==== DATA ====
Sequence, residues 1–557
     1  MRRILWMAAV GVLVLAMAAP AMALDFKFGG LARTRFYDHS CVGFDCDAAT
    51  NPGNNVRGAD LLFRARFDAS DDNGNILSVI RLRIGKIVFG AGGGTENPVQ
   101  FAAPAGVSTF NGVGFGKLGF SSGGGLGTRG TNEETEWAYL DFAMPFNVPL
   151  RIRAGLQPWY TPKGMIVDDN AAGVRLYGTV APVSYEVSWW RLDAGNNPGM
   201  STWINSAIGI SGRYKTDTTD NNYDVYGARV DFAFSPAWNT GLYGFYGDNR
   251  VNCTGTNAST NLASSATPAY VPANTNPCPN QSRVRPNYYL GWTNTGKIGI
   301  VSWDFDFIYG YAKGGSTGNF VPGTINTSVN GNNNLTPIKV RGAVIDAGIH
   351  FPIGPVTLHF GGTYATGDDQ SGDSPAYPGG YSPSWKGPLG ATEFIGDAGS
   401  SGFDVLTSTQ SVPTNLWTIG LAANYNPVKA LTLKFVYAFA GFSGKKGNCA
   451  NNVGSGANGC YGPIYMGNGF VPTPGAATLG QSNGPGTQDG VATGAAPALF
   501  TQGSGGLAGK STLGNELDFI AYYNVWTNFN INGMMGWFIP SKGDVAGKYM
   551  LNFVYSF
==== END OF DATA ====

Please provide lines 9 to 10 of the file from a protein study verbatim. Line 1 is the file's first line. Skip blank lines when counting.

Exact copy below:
   351  FPIGPVTLHF GGTYATGDDQ SGDSPAYPGG YSPSWKGPLG ATEFIGDAGS
   401  SGFDVLTSTQ SVPTNLWTIG LAANYNPVKA LTLKFVYAFA GFSGKKGNCA